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The Role of the Business Community


Q. I wish more business people would get involved in the schools. Is that happening?


Yes, and it's exciting and encouraging. There are many ways that private-sector business professionals can help schools, and not just in influencing what goes on in the classroom or giving them carte-blanche funding.


School budgets have increased exponentially over the past few decades, and part of the reason is the marketing effectiveness of the countless companies that sell products to schools, from books to toilet paper to training programs to software. Now schools are seeking help from business for cost containment and cost-effectiveness consulting. So there's a strong business-school connection there.


Above that money-making connection, though, are billions of dollars of business charitable contributions each year to all sorts of educational organizations, school systems and other pro-education causes. They are creating learning initiatives, challenge grants, demonstration projects, contests and other tangible ways to attempting to help shape improvements and support more effective school programming. They see schools as an extremely worthwhile investment, since their future employees and customers both will pass through school doors. Helping schools also increases employee morale and is good PR. So it's good business to support schools and try to make them better.


Even those businesses that have nothing to gain by supporting school reform - no money-making opportunities, that is -- are giving their political support to candidates who pledge to reform schools and, hopefully, turn out a better "product" in the form of more employable graduates.


This is quite a change from previous decades. You would frequently see businesses in an adversarial position to the schools in terms of tax policies and usage, and hear business leaders complaining that new high school grads can't read, write or figure, forcing them to outsource jobs to Third World countries or immigrants.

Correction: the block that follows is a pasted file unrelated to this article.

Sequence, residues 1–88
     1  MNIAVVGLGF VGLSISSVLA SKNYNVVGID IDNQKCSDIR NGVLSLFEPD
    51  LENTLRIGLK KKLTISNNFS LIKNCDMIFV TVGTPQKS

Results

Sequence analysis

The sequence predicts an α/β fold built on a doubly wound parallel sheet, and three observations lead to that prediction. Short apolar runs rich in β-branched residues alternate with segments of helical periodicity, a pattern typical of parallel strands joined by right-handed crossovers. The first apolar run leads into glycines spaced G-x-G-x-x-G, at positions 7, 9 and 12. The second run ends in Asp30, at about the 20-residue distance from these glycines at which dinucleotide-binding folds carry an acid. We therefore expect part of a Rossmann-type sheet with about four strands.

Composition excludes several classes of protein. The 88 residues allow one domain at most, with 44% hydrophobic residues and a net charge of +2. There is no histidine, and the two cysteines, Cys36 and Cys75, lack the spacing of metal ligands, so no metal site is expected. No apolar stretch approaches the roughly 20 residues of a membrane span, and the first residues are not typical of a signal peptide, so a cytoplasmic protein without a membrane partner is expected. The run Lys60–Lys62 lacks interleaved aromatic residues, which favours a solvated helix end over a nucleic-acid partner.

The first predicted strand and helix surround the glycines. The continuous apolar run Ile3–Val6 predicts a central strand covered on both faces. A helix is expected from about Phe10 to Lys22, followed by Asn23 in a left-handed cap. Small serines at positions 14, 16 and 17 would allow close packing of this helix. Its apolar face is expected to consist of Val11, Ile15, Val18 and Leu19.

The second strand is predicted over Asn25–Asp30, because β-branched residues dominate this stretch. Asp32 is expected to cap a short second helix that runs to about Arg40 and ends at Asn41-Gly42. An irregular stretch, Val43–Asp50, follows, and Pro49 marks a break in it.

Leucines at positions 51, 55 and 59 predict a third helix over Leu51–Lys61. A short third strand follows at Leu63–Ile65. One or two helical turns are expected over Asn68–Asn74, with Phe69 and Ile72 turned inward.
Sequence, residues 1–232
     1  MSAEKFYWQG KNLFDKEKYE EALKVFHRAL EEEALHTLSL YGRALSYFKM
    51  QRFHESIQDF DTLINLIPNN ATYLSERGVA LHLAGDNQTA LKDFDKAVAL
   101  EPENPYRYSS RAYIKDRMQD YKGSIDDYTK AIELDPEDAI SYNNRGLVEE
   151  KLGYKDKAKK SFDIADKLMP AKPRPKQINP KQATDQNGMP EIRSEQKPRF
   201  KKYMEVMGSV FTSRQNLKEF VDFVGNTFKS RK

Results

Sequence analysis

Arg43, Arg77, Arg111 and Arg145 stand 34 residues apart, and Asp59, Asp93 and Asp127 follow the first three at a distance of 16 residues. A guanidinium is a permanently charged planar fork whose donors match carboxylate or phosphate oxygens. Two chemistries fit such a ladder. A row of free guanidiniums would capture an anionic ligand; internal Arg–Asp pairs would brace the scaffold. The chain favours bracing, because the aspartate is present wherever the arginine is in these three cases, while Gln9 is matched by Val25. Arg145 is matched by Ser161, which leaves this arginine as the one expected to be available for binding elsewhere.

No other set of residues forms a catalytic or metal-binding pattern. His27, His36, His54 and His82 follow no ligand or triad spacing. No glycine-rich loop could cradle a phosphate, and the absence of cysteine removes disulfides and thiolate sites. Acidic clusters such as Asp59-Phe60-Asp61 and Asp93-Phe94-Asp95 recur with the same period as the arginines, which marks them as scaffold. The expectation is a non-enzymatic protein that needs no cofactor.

How did we get this big "disconnection" between the people who educate the future generation and the people who control the jobs they'll take? It's possible that business leaders "disconnected" from schools at the same time parents did, which, ironically, is where the spending spikes began. That's in the late 1960s and '70s, when so many women starting working and the pool of school volunteers started dwindling. Community involvement in schools in any meaningful way took a nosedive.


But these days, business realizes that the solid business practices that got them through the 1980s and '90s, such as goal-setting and data-driven decision-making, were not spread into the school systems, and educators did not know how to employ those management tools very well. Now the schools are demanding huge inputs in the form of tax dollars for declining outputs in the form of student achievement, as measured by standardized tests and statistics such as dropout rates and the need for college remediation of high school graduates. More money for less quality? That's not a good business model.


In a highly positive and hopeful development, organizations like the Business/Education Partnership Forum are helping businesses form effective partnerships with schools to try to turn that model around. Take a look at the resources this one organization offers on its website:


     Association and conference reports

     Case studies

     Corporate/community involvement and cause marketing






     Parent and community engagement

     Partnership practices


     Program design and development

     Program models

     Reports and studies

     Role of business in the community

     STEM education


     Toolkits and guides

     Websites and blogs

     Workforce development


Homework: See the Business/Education Partnership Forum,


By Susan Darst Williams

Community Involvement 02 2009


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